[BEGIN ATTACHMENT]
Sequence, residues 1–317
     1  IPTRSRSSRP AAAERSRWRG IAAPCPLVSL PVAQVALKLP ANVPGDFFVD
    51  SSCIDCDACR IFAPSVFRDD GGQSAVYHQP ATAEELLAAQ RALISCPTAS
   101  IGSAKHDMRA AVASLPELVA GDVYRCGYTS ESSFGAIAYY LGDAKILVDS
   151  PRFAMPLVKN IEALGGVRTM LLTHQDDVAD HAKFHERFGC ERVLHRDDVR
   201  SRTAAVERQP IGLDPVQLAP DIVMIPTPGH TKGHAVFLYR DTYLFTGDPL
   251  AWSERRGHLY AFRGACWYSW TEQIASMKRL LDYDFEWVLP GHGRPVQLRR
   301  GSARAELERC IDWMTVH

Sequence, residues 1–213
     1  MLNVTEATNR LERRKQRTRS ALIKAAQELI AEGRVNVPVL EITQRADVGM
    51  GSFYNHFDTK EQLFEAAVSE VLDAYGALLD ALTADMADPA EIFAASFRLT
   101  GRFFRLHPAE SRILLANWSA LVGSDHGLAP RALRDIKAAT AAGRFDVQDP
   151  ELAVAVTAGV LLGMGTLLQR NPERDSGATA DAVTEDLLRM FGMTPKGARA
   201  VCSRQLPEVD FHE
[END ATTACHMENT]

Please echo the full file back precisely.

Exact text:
Sequence, residues 1–317
     1  IPTRSRSSRP AAAERSRWRG IAAPCPLVSL PVAQVALKLP ANVPGDFFVD
    51  SSCIDCDACR IFAPSVFRDD GGQSAVYHQP ATAEELLAAQ RALISCPTAS
   101  IGSAKHDMRA AVASLPELVA GDVYRCGYTS ESSFGAIAYY LGDAKILVDS
   151  PRFAMPLVKN IEALGGVRTM LLTHQDDVAD HAKFHERFGC ERVLHRDDVR
   201  SRTAAVERQP IGLDPVQLAP DIVMIPTPGH TKGHAVFLYR DTYLFTGDPL
   251  AWSERRGHLY AFRGACWYSW TEQIASMKRL LDYDFEWVLP GHGRPVQLRR
   301  GSARAELERC IDWMTVH

Sequence, residues 1–213
     1  MLNVTEATNR LERRKQRTRS ALIKAAQELI AEGRVNVPVL EITQRADVGM
    51  GSFYNHFDTK EQLFEAAVSE VLDAYGALLD ALTADMADPA EIFAASFRLT
   101  GRFFRLHPAE SRILLANWSA LVGSDHGLAP RALRDIKAAT AAGRFDVQDP
   151  ELAVAVTAGV LLGMGTLLQR NPERDSGATA DAVTEDLLRM FGMTPKGARA
   201  VCSRQLPEVD FHE